1. All Native/near native files are converted to group IV single page tif. Each file has a unique bates number applied to images matching the DocID or Bates number.
  2. All images are black & white except for those that require color for interpretation. Color images are produced in .jpg format unless otherwise agreed.
  3. Container files such as .zip or .rar may be converted to .tif format with a table of contents or referenced in the “folder” field containing the path to the original native file as it existed at the time of collection.
  4. Each searchable native/near native file has an extracted text file in .txt format named with the DocID of the corresponding file. Each non-searchable file containing text has a multipage OCR text file named with the DocID of the corresponding file. (I.e. DocID = ABC0000123; Filename = ABC0000123.txt.)
  5. OCR for redacted files in multipage .txt format. Each file named the same as the DocID/Bates number of the corresponding document. (I.e. Image Filename = ABC0000123.tif; OCR Filename = ABC0000123.txt.)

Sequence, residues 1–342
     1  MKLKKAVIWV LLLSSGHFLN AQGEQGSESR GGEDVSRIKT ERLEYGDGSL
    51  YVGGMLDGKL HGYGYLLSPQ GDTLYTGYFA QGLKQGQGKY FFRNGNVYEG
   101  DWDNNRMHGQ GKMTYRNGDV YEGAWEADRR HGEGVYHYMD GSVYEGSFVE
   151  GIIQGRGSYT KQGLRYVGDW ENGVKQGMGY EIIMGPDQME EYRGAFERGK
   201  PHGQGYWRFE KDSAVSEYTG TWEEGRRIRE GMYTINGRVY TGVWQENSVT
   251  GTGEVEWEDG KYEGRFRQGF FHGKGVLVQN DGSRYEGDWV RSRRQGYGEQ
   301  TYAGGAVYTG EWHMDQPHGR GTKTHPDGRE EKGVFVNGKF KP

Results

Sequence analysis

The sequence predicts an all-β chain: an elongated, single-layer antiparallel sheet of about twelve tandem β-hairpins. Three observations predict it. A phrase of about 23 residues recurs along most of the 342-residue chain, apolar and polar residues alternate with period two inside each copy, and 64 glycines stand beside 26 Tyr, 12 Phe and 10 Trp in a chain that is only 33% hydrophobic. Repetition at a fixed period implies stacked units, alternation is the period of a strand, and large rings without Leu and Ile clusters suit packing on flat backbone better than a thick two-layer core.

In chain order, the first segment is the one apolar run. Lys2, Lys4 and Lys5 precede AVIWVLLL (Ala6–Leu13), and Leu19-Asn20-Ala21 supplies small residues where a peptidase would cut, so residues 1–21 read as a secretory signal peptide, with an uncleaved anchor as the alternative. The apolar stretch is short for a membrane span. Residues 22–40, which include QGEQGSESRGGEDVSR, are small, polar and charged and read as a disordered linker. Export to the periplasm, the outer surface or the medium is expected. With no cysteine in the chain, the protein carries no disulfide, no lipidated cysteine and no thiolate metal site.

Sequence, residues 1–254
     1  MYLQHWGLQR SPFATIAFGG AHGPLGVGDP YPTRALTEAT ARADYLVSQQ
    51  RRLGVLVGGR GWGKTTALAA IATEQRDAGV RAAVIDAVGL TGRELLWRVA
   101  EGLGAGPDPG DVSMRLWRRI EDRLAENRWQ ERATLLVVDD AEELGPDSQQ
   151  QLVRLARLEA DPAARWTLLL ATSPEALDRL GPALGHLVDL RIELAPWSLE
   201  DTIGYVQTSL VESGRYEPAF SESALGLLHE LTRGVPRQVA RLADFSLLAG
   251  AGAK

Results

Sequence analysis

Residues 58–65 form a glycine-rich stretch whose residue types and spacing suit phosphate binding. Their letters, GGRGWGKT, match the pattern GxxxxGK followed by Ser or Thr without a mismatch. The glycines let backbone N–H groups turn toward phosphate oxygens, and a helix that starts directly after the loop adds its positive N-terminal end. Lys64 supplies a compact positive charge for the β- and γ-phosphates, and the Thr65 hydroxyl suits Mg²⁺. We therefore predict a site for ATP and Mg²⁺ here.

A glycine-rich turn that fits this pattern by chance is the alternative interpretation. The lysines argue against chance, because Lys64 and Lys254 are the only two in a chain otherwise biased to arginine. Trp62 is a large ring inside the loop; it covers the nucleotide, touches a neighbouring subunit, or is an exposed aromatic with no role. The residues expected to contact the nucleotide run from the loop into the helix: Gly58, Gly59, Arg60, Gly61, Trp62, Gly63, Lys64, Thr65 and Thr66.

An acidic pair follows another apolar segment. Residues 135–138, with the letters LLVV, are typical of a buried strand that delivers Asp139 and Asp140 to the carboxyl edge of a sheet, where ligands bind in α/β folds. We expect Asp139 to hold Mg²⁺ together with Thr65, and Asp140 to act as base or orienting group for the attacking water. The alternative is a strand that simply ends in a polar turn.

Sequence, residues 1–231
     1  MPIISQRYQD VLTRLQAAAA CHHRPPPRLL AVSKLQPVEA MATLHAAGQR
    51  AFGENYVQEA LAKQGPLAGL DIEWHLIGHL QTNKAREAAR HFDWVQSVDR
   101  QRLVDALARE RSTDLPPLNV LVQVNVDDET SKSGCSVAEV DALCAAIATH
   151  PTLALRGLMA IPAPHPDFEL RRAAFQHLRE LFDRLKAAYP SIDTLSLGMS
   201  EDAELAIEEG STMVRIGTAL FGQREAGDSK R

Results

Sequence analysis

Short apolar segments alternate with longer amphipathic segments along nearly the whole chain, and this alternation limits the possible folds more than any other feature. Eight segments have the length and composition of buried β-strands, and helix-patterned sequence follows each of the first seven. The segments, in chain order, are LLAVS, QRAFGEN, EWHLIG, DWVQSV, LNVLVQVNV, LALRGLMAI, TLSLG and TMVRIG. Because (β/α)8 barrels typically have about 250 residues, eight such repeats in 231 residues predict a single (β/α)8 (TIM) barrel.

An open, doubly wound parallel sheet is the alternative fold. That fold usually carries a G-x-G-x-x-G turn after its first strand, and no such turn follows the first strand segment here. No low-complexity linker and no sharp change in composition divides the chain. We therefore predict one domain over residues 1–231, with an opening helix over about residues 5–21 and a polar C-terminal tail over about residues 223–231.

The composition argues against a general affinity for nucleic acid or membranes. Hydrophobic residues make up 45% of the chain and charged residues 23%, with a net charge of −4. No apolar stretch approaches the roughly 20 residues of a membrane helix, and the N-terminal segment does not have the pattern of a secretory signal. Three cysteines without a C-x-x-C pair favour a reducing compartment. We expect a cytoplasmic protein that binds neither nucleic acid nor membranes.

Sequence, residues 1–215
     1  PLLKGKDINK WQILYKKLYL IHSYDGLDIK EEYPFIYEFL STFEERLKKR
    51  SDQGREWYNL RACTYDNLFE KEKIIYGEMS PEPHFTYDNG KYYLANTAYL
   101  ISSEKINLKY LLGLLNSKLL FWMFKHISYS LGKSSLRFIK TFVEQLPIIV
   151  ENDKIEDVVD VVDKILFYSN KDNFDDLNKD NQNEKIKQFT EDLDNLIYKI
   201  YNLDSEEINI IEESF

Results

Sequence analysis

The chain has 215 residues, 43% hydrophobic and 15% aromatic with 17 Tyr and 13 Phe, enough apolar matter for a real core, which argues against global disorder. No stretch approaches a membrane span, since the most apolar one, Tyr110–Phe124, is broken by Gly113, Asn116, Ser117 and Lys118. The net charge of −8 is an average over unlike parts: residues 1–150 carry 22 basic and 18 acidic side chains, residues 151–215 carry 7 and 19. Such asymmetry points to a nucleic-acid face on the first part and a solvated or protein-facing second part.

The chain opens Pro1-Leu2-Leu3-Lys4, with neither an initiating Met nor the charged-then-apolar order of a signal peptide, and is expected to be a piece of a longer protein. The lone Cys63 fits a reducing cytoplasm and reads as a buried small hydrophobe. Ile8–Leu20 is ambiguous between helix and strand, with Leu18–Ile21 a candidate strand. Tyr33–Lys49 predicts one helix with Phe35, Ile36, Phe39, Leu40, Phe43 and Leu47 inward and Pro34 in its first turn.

6. Load file(s) for image files, extracted text and OCR in EDRM xml or common format such as that required by Concordance or Summation.
  7. Data file including, at a minimum, the standard EDRM extracted metadata and other information fields to the extent they exist (see chart below). This data may be included in load file or produced as a separate text delimited file.

D. Custom

  1. Images, Load File, Data file and no searchable text
  2. Images only
  3. Paper
  4. Other

E. On-line Production

Files presented for production via online review tool. Formats, fields, loads and exports to be negotiated on a case by case basis.